VANCOUVER – Many Canadian TV viewers choose to click past Stargate SG-1, the weekly TV series filmed in Vancouver and based on MGM’s 1994 science fiction movie.
But watching any episode (on Channel 11, Thursdays at 10 p.m. and on other WIC stations across the country), they will see a blossoming, talented Toronto actor.
Honey-blond Amanda Tapping, who’s got a peaches-and-cream complexion, plays an intelligent character – for a welcome change – as the lone female co-star of an action-adventure show. Though it stars American Richard Dean Anderson, Tapping has been noticed most.
After the first two episodes aired in the U.S. in August, a casting director called her Toronto agent, Debbie Peck, asking about Tapping’s availability for Bruce Willis’ next movie.
“It was just an inquiry, not an offer,” says Peck. “But she is committed to Stargate (for 44 episodes now filming and an option for three more seasons).”
“‘Are you sure she had the right person?’” a delighted Tapping recalls asking Peck. “She did, and I did a little happy dance. I sent her a thank-you card. That still gives me a little boost.”
Until Stargate SG-1, Tapping, who graduated from the University of Windsor in 1988, had small parts in American movies filmed in Toronto, an infrequent role on TV’s Flash Forward series and was on one episode of CBC’s The Newsroom.
She is 31, the same age as her Stargate character – astrophysicist Samantha (called Sam) Carter, who with the other regulars walks through the circular stargate into worlds of the future to rout baddies and make scientific discoveries.
It’s typical TV hokum with special effects. But, notes Tapping, the producers allowed her character to be “average-looking, like I am.”
”Some of the show’s ‘higher-ups,’” she learned, “wanted to go the babe-alicious route and find someone who was the tall blonde (Tapping is 5-foot-8 1/2) with the beautiful long hair and the great figure. I’m pleased they didn’t. I’ve never considered myself a bodacious, ravishing woman.”
After auditioning in Toronto, Tapping wowed MGM personnel in Los Angeles with her off-hand sense of humour, says co-executive producer Brad Wright, who calls her terrific.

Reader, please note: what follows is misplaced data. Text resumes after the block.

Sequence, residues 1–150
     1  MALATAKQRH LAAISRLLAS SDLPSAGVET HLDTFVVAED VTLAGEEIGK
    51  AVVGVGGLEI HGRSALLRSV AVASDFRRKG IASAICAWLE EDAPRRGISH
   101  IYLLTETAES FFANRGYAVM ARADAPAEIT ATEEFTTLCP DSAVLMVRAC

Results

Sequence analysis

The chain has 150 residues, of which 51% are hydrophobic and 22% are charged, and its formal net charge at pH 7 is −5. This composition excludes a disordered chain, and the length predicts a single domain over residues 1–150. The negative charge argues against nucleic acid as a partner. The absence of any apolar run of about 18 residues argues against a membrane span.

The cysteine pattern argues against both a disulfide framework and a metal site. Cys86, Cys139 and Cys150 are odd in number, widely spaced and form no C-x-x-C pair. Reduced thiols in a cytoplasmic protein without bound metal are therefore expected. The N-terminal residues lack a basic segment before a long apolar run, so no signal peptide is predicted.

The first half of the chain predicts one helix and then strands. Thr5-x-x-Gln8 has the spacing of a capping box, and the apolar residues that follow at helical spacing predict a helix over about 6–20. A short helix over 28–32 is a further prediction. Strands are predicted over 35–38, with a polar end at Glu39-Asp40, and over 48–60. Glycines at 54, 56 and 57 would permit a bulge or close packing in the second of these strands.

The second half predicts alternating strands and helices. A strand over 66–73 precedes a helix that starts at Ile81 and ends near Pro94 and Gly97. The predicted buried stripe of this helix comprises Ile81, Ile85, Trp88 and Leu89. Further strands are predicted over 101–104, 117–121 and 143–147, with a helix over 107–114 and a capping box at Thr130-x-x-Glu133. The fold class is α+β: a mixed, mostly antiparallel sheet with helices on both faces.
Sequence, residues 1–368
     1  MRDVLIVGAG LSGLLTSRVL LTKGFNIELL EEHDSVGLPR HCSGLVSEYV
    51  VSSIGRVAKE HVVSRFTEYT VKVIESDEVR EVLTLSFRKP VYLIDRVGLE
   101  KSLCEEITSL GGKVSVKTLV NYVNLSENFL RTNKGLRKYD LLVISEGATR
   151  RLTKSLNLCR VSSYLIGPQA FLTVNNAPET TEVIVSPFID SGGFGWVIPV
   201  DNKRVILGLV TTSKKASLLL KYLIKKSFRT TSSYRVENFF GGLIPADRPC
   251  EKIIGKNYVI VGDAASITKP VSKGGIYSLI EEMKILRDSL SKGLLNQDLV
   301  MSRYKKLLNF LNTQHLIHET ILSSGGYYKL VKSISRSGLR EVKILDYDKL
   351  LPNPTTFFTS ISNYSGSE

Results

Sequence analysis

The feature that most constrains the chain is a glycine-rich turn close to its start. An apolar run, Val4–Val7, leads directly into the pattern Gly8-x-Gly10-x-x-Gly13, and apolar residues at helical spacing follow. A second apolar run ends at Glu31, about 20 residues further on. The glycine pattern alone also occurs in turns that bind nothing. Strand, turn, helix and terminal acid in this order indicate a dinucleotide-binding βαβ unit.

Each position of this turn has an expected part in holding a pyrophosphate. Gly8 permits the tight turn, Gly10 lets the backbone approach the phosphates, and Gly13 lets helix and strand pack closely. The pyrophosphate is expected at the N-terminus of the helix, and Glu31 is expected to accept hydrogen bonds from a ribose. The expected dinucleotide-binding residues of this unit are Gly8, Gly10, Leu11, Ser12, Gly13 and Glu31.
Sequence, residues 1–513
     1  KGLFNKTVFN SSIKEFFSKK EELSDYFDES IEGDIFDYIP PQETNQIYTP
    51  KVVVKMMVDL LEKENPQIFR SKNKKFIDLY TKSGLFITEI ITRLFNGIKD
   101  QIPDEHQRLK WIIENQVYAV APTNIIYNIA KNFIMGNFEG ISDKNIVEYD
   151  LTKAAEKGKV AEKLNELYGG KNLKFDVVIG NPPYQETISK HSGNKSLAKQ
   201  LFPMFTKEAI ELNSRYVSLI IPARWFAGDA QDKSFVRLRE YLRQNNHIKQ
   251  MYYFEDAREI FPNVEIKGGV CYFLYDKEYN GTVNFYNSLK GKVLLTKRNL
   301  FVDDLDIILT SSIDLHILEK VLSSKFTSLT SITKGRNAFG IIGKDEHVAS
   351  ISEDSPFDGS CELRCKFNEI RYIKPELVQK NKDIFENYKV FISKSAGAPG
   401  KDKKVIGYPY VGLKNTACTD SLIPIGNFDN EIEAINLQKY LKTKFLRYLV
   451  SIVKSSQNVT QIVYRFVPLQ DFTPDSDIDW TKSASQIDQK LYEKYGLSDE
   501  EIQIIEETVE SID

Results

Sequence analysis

“I had nothing to lose,” she says about bantering through auditions. “It was important to be true to myself and with the character. She could be played a number of ways. But it was really important to me that she have a sense of humour.
That also helped Tapping bond quickly with Anderson, who owns a piece of the series and could have vetoed her casting.
“He read a line (at her final audition) and asked me, ‘What do ya think, babe? You don’t mind if I call you babe?’ I said, ‘No, if you don’t mind if I call you Dick.’
“I thought either I’d blow it with him big time, or he’d appreciate the witticism. But that was it; we became fast friends.
Given the role just two weeks before filming began, she plunged into research producers did not require – consulting military experts, some of them ex-U.S. Navy SEALs, reading Stephen Hawking’s book A Brief History Of Time and prowling the Internet for information about astrophysics.
Two characters, including Anderson’s, are separated from their wives and children, while another is searching for his lost wife.
Tapping’s character is unmarried, tough and determined – a relief, she says, because “I was afraid they would give me stories where I would cry.”
The show’s writers, including Wright, are giving her emotional scenes that show her character’s need for and her ability to love.
And she’s receiving fan mail, like the letter from a 26-year-old female science-fiction fan in Dusseldorf, Germany, who thanked her for playing one of the few women on TV “who I feel represents me.”
She has only one regret: the inevitable months away from her husband, Alan Kovacs, who runs a Toronto landscape construction company.
The series is also seen in Australia and several other countries, currently has good ratings on U.S. cable channel Showtime and is slated for Fox stations next year. For the first time, Canadian producers are sending her scripts for movies she doesn’t have time to do.
“That’s a good position to be in.” Tonight’s Prime Time TV grid.
Source: The Toronto Star